My final day in Munich was spent at the Dachau concentration camp memorial. I debated over going for a while but ultimately decided it was an important place to see. It is one thing to read about it in books during a history lesson and quite another to visit a site of such atrocities. I planned to spend a couple of hours there, but it felt disrespectful to leave after so short a time and so I ended up spending the whole day there.
The remains of the train platform that brought prisoners to the camp.
Each one of these blocks was a barracks. There are 34 of them on the site. The camp was designed to hold 6,000 prisoners but was continually overcrowded and the day the camp was liberated 30,000 people imprisoned there.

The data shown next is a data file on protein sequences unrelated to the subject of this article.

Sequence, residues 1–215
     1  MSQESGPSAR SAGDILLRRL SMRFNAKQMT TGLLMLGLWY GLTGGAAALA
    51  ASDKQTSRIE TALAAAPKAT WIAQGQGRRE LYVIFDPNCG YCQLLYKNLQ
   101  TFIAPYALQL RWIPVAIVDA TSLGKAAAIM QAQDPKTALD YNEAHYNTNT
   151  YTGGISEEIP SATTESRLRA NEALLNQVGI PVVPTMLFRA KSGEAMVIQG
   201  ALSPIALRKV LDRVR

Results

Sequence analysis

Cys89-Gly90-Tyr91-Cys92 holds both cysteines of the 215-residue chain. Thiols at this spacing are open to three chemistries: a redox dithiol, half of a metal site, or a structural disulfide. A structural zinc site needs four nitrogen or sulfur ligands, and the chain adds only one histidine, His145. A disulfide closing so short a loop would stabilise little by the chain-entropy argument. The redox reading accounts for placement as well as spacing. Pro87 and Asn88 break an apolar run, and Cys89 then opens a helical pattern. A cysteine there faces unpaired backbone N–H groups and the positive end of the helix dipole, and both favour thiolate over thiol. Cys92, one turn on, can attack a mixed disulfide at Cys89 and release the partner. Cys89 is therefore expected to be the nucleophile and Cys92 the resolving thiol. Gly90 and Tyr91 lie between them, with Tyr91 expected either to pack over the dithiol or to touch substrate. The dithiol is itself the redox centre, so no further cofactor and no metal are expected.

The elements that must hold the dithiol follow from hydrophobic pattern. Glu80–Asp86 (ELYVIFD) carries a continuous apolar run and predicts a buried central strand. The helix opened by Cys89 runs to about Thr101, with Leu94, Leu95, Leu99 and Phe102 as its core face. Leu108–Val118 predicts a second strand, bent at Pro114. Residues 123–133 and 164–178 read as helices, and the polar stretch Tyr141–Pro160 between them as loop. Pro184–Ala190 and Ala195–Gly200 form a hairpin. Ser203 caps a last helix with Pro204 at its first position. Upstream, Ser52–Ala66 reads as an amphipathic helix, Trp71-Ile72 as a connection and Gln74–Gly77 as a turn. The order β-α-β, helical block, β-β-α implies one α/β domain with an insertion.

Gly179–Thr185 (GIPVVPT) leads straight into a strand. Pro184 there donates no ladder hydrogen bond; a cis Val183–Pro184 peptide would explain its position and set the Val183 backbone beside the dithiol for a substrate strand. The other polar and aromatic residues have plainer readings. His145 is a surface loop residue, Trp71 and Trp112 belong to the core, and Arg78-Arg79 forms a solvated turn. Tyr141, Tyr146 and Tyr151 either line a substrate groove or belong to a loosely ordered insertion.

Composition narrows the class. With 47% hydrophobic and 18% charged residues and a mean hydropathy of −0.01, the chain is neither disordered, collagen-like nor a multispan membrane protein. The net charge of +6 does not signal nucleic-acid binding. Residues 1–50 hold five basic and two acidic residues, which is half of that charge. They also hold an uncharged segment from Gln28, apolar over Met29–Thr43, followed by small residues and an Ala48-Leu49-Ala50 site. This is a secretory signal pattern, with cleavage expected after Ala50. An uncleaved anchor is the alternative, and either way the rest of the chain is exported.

The prisoners slept on triple bunks on straw mattresses. Even “bed making” was a punishment where arbitrary and pointless rules were to be followed by prisoners or face punishment.
Over 50 prisoners were supposed to use these two wash basins
Three memorials were constructed after the horrors of the camp for Catholics, Protestants and Jews
The memorial for those who follow Judaism
During the Nazi regime the camps fences were electrified. Some prisoners were so desperate to end their suffering that they ran into the fences. If that failed, they were frequently shot by guards in towers and their murders were frequently classed as suicides.
The inside of a gas chamber. Prisoners were brought into the chamber under the guise of getting a shower. On the ceiling there are a grid of gas vents designed to look like shower heads.
The crematorium often ran overcapacity and the remaining bodies were buried in mass graves.
“May the example of those who were exterminated here between 1933 - 1945 because they resisted nazism help to unite the living for the defence of peace and freedom and in respect for their fellow men”